From the beginning, Game Theory has defied easy pigeonholing. That’s true both for their catalog as a whole and their 1982 debut, Blaze of Glory, in particular – indie or alternative rock, whatever those umbrella terms mean. Nothing helpful there. Power pop? Well, the many lineups of Game Theory led by singer/songwriter/guitarist Scott Miller did owe something to the tradition established by Alex Chilton’s Big Star. But there’s a strong presence of organ and bass in Game Theory that aren’t normally part of a genre usually associated with jangle rock chords. There are also huge slices of new wave, and it’s fair to say there were seeds of what would later be dubbed the Paisley Underground.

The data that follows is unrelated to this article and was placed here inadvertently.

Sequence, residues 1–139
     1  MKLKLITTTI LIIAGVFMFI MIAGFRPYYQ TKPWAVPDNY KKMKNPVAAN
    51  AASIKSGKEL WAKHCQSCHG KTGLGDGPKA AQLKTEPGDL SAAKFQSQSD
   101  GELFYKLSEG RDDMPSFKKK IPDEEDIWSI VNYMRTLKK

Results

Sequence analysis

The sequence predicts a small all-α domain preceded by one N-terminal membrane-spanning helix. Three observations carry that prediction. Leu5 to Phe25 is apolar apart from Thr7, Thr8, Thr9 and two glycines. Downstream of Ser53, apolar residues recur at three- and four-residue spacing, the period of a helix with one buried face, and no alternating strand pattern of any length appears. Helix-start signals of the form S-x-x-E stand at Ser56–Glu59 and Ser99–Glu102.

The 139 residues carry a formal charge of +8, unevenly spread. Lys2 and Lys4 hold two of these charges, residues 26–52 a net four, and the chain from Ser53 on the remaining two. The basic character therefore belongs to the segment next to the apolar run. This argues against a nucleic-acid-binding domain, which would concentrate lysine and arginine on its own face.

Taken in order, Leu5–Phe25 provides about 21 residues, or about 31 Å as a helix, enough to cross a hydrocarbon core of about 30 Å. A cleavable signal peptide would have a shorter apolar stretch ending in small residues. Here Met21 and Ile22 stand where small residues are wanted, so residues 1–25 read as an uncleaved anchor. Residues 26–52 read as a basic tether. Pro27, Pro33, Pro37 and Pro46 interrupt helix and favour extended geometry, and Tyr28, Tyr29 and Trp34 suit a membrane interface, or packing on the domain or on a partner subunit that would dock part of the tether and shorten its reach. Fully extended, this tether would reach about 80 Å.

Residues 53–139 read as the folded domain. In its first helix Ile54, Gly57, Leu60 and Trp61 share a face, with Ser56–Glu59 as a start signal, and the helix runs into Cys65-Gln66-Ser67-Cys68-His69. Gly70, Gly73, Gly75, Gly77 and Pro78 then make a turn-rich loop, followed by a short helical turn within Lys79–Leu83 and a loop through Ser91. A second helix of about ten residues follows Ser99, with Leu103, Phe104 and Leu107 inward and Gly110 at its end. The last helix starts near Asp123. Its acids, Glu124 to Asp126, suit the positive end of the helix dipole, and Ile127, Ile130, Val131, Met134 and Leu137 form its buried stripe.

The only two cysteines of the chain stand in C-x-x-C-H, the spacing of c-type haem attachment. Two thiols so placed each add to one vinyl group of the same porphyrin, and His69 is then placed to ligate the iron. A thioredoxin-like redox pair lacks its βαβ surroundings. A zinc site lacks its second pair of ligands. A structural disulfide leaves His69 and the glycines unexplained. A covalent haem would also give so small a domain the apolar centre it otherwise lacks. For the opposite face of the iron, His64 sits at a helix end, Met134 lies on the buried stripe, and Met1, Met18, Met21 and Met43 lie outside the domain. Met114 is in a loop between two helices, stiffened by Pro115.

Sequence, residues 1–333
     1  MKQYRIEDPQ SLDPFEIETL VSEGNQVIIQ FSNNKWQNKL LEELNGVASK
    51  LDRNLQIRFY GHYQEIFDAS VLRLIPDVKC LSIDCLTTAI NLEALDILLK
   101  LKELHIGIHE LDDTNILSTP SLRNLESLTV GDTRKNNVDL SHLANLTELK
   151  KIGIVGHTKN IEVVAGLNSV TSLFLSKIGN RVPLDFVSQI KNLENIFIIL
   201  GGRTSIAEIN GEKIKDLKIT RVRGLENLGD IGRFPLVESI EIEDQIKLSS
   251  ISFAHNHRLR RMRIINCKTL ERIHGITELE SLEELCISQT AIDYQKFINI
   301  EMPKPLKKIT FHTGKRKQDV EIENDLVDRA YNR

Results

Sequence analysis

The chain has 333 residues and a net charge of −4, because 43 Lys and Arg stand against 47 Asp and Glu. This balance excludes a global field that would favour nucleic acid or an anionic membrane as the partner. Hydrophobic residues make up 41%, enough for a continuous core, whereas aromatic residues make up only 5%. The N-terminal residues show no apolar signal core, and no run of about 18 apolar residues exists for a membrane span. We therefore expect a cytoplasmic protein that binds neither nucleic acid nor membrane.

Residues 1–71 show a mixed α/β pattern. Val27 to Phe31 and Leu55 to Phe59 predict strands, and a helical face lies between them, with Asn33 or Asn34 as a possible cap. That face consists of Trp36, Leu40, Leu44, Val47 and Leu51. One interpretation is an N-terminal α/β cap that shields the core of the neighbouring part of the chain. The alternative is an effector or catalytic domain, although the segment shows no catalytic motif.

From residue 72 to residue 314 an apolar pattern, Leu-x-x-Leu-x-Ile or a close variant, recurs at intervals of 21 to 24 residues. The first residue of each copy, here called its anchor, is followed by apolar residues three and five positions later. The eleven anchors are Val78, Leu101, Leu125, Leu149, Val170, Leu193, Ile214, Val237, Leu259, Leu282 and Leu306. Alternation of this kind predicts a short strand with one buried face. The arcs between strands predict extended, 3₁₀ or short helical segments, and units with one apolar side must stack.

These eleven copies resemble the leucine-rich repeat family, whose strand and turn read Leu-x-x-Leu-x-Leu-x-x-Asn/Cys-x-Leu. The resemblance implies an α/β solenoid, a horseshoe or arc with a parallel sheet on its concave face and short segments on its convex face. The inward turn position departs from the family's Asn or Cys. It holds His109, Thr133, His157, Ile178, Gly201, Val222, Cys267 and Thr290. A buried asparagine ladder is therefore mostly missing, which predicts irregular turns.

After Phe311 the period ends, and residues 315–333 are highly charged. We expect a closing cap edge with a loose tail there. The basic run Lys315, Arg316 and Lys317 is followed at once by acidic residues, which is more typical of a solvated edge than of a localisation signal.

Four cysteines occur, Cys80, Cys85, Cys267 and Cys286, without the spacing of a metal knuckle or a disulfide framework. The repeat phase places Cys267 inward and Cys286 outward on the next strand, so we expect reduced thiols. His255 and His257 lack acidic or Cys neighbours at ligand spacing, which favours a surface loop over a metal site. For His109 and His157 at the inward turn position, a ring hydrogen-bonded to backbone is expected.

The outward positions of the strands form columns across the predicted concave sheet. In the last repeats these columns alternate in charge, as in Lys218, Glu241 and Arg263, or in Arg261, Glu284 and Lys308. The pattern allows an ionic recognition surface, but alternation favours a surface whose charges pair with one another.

But one reason Game Theory earned considerable praise from the critics but lukewarm listener support is due to the fact the band was original, experimental, and as deceptively cerebral as rock can get. As one writer put it, Game Theory, whatever its merits, remained stuck in the “cultist-critic-college DJ loop.”
The story of Blaze of Glory is well known. It began in Davis, California when Miller decided to transition from his previous band, Alternate Learning, to create Game Theory. The first lineup included Miller, Alternate Learning vet Nancy Becker (keyboards, vocals), as well as Fred Juhos (bass, guitar, vocals), and Michael Irwin (drums). On Blaze of Glory, frequent Miller collaborator Jozef Becker provided drum overdubs on “Something to Show” and “Sleeping Through Heaven.” Donnette Thayer, who would later become a full-fledged member, shared lead vocal duties and percussion on the acoustic “It Gives Me Chills.”